This irresistible story of the invincibility of an open heart is marred only by the viewer's doubts that you could still be cogent even if smoking that much weed. Otherwise the dialogue is gorgeous, and what awe-inspiring performances from everybody from Shirley Jones (buh-whaa!?) to the extraordinary Nick Swardson and Joel David Moore!!!! It got terrible reviews from almost everybody except AO Scott! Okay it is horribly vulgar, and dumb on purpose. And it is beautiful, charming, funny and inspiring, no lie.



(How much do clothes cost in the Matrix!? Snort.)

Please go and Netflix this movie forthwith.

about . contact

Hello there. I am Maria Bustillos, the author of Act Like a Gentleman, Think Like a Woman and Dorkismo, the Macho of the Dork. I can be found hither and yon all over the Internets.



email Maria Bustillos


or friend me on Facebook

alternatively, follow me on Twitter

Looking for ebook versions of my books?--please try Smashwords




Wednesday, October 7, 2009

Dorkisma: interview in Self-Publishing Review

YAY and thank you to Erin Stropes for this really fun interview. I quite like "Dorkisma" as a nickname, heh.

Monday, October 5, 2009

hilarious commentary on the 1980s

<

Bdling!

Saturday, October 3, 2009

will cuppy rules.

The Decline and Fall of Practically Everybody: Great Figures of History Hilariously Humbled The Decline and Fall of Practically Everybody: Great Figures of History Hilariously Humbled by Will Cuppy



If only this hilariously droll send-up of historical figures were used as a middle-school textbook, every kid would adore history and go on to become a genius. Cuppy worked on it for sixteen years; the history is meticulously researched, though his treatment of it is far from stuffy. The book was published posthumously in 1950, so you'd think the humor would be dated. Not so. It holds up spectacularly well. "Egypt has been called the Gift of the Nile," he begins. "Once every year the river overflows its banks, depositing a layer of rich alluvial soil on the parched ground. Then it recedes and soon the whole countryside, as far as the eye can reach, is covered with Egyptologists."

View all my reviews >>

(This is my first goodreads review. Kind of fun.)

Thursday, October 1, 2009

nobody believed her.


Well I guess we believe you NOW.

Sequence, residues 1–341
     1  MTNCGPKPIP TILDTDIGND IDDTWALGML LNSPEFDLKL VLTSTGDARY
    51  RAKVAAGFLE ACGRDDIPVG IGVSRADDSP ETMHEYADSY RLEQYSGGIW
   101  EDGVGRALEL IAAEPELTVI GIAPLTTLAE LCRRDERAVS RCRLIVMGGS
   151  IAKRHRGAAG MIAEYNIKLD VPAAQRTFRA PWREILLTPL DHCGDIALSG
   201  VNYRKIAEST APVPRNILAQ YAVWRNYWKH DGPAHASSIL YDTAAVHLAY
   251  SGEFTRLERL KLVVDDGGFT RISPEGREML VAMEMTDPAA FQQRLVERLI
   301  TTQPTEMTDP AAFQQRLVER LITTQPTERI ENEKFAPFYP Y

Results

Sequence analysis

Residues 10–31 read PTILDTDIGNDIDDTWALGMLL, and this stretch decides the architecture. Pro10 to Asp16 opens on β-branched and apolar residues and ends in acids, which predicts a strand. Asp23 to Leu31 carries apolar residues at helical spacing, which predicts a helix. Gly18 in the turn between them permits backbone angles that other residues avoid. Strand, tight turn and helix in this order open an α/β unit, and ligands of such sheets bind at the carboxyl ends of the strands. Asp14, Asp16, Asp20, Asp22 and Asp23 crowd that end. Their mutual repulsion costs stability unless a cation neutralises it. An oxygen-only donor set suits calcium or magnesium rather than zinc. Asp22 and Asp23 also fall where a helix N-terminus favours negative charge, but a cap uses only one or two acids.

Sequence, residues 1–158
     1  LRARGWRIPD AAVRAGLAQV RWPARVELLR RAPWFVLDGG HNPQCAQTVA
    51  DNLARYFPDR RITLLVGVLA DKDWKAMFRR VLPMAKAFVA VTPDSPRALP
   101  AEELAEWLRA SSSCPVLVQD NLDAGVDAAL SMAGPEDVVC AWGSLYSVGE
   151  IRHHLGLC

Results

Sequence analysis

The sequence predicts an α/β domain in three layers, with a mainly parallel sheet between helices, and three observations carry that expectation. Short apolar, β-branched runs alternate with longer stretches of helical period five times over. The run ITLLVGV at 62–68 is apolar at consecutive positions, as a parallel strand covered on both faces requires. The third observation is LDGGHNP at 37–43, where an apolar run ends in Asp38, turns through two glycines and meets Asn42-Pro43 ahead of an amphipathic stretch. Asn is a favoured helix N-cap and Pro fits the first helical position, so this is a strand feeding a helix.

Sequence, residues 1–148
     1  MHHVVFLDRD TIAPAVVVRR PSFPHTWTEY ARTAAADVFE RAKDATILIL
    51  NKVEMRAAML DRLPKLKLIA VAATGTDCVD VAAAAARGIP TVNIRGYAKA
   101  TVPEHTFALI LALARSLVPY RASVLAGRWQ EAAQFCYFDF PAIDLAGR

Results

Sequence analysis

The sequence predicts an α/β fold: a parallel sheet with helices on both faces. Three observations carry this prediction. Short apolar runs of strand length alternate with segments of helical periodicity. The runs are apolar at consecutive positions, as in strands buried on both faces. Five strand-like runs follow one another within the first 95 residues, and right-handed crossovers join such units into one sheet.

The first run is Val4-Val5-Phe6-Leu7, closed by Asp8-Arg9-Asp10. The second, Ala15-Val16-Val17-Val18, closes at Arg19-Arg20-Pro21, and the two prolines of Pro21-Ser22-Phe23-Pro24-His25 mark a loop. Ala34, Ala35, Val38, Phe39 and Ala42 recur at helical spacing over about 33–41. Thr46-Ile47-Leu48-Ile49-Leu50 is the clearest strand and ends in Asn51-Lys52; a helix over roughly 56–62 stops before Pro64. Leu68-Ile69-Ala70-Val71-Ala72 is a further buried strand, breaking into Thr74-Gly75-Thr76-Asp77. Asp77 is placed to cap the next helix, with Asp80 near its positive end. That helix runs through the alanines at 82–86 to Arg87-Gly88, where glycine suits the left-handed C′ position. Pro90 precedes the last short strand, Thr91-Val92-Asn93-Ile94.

Monday, September 28, 2009

Ha ha hahahahaha



via Marie Mundaca to whom a big THANK YOU.

Wednesday, September 23, 2009

Most-quoted thing I ever wrote.

Years after its original publication (on Popula,) this thing is still linked a lot. It's been everywhere from Libération to Gawker.

Is Anna Wintour Satan?

Wednesday, September 16, 2009

the dork vision of ego plum



I have long been an ardent admirer of the composer Ego Plum. He has got the most magnificent radio program these days. Do have a go. There's also a Gogol-themed drama/marionette show or something that is opening here in Los Angeles in the next week or two and running through November; details on the website. I'll be going to that one fo sho. The poster has got a lovely slogan:

I choose crazy.

Tuesday, September 15, 2009

A special kind of dork

God Loves Fag Hags (Like Me)

Don't get me wrong, I love straight men, too. Indeed I am incorrigibly straight myself. My sole attempt to rack up enough lesbian experience to qualify as elegantly bisexual was a fiasco, to put it mildly. But I am also a categorical, card-carrying, dyed-in-the wool fag hag. Therefore it was with a certain pique that I read in Salon some days ago that God hates me ("God Hates Fag Hags," Thomas Rogers, Salon 8/18/09.)

Mr. Rogers's basic premise is that society has outgrown fag hags. We are “retrograde,” apparently, by which I assume he means passé. Even though he claims that a lot of girls would like to be his fag hag (for reasons he himself cannot explain any more than I can,) he doesn’t want one. Well, Mr. Rogers is not required to have any fag hags draped over his arm at any cocktail party. He doesn't care for “fine furnishings” or “dance music,” evidently. He is “into dudes,” he says. He is certainly not the sort of fag I personally care to hag around with. (God, I hasten to add, is perfectly okay with him, I feel sure. If there is a God, we can take it as read that He loves everyone.)